Carl Burton Stokes 1927 - 1996
Carl Burton Stokes was the first elected Black mayor of a major U.S. city. Stokes lost his first bid in Cleveland, Ohio in 1965 while an Independent. He joined the Democratic Party and was elected the 51st mayor of Cleveland in November 1967 defeating the grandson of former president William Howard Taft, in the process.
This election is noteworthy not only because it was a first in the nation victory for a Black candidate, but also because Stokes won at a time the Black population in Cleveland was only 37 percent. This Army veteran used his GI Bill to pay for his education. Stokes attended West Virginia State College before transferring to Western Reserve University, then ultimately earning a bachelor’s of science in law at the University of Minnesota. Stokes completed his education after earning a juris doctor from the Marshall School of Law in Cleveland.
Stokes was viewed nationally as an advocate of the Civil Rights movement. Ignoring the optics, Stokes opened several positions in city government to black Clevelanders who otherwise would not have been given the opportunity. Stokes was reelected two years later as he served two terms before starting a career in network broadcasting.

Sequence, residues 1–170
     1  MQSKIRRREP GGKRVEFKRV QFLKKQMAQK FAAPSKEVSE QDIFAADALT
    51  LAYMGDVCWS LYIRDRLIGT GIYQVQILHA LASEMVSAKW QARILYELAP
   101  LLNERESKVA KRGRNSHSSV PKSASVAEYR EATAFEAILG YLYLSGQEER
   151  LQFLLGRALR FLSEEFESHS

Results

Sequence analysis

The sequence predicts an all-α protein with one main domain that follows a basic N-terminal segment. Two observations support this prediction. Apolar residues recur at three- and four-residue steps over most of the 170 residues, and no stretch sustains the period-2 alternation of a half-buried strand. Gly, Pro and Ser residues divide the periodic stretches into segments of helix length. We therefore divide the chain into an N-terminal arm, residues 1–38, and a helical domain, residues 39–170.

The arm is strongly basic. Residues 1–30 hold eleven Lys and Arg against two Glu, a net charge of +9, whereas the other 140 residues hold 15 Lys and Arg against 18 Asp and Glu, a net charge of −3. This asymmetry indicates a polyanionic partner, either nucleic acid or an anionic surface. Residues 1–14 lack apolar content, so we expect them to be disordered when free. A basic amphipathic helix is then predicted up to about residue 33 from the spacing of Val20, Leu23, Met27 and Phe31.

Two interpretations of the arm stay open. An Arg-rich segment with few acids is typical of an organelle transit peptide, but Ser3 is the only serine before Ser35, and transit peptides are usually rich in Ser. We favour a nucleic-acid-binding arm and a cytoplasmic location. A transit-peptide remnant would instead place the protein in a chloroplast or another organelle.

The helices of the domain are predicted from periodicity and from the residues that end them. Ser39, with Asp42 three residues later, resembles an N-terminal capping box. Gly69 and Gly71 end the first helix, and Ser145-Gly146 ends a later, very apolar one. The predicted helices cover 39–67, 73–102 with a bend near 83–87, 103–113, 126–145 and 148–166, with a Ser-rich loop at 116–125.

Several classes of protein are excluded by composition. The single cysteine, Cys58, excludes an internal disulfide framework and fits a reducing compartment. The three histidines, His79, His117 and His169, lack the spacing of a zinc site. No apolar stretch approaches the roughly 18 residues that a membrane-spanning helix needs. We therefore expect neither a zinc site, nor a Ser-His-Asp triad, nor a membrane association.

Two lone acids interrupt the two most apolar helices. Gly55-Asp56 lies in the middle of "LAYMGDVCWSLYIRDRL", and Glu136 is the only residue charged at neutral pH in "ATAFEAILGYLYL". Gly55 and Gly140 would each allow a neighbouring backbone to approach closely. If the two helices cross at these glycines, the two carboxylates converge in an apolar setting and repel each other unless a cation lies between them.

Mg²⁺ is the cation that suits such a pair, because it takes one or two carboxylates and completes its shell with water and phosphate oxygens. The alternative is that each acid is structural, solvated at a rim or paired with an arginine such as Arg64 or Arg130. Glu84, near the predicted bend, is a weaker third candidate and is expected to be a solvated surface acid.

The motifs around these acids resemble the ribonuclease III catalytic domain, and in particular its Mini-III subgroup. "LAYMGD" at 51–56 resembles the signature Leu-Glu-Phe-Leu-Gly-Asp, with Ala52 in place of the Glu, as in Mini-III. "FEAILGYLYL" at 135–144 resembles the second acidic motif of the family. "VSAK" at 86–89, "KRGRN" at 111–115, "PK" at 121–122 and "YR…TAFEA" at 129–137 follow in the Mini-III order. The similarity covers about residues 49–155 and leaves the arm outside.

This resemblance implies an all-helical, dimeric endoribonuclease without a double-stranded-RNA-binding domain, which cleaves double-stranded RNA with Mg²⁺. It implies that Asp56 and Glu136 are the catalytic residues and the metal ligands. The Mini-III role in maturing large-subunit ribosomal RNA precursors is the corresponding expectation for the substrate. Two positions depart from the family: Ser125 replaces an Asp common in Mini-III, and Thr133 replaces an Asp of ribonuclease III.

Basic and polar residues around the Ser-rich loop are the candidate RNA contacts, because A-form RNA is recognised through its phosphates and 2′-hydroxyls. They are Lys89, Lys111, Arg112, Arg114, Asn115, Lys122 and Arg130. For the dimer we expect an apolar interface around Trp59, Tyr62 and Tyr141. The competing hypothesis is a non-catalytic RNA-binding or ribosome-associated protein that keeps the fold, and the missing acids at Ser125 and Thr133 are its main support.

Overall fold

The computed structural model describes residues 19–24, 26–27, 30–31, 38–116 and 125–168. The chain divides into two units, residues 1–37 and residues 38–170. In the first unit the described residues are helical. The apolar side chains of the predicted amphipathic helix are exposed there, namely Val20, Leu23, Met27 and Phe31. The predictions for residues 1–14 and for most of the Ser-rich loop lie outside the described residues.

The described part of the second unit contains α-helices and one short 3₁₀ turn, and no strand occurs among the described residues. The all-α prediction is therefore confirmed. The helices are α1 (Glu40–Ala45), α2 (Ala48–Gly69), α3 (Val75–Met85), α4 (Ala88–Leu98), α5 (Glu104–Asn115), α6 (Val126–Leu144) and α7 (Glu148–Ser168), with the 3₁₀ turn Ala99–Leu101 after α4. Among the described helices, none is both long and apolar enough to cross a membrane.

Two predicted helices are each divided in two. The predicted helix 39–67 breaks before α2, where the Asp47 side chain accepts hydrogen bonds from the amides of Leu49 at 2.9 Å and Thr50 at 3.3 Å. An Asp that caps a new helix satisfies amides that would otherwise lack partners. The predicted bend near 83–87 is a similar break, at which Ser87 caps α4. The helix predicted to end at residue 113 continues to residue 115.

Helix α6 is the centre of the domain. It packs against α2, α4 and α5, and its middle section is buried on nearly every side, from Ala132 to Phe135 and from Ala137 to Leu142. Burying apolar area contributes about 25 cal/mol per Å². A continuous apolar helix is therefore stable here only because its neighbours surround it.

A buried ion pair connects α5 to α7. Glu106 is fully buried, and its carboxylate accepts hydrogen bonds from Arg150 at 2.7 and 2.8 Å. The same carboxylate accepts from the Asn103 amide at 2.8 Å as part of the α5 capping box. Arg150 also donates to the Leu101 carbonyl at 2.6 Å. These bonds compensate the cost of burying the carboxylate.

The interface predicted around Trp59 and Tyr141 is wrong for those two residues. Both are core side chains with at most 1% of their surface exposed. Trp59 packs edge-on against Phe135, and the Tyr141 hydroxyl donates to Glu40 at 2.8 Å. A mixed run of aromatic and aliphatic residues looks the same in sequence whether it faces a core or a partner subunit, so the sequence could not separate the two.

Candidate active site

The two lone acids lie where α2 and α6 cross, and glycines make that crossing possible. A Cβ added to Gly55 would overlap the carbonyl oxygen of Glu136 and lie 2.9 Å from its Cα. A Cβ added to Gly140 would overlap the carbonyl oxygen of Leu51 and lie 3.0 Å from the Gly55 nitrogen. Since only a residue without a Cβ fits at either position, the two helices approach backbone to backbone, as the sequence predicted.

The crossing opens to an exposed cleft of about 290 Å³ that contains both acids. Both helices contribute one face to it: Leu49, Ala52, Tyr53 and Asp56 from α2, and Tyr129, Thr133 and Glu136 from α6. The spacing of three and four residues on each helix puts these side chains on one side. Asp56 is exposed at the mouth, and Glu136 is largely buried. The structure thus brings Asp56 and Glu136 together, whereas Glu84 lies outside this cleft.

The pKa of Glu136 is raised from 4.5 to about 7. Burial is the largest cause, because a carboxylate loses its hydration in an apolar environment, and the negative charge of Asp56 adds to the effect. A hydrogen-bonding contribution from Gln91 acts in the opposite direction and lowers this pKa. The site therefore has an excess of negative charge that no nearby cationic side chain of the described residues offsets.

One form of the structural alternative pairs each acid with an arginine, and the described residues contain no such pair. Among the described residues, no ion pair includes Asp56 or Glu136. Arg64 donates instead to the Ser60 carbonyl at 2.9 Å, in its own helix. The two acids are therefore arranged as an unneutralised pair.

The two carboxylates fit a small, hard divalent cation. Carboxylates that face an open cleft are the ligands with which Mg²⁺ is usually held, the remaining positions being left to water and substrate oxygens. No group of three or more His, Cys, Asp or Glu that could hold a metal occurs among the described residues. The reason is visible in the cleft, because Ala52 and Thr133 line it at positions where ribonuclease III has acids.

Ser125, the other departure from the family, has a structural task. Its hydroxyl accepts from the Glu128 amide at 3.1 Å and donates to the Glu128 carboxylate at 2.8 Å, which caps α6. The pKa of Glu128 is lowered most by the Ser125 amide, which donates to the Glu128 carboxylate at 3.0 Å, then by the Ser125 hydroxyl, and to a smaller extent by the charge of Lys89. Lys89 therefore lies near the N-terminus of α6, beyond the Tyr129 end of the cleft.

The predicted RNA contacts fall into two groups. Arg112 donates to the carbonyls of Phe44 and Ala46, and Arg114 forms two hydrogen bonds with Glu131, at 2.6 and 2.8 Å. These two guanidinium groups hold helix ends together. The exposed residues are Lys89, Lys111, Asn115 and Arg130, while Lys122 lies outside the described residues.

At the end of his second term in office, Stokes was tapped by New York’s WNBC-TV to work as an anchorman. He became the first Black U.S. anchorman and served in that capacity for almost a decade.
Stokes returned to the city that propelled him to its highest office in 1980 to serve as legal counsel for the national headquarters of the United Auto Workers. He was later appointed municipal court judge in Cleveland, and remained on the bench till the mid 90s. Stokes’ final stint as a government official came when President Bill Clinton appointed Stokes U.S. ambassador to Seychelles.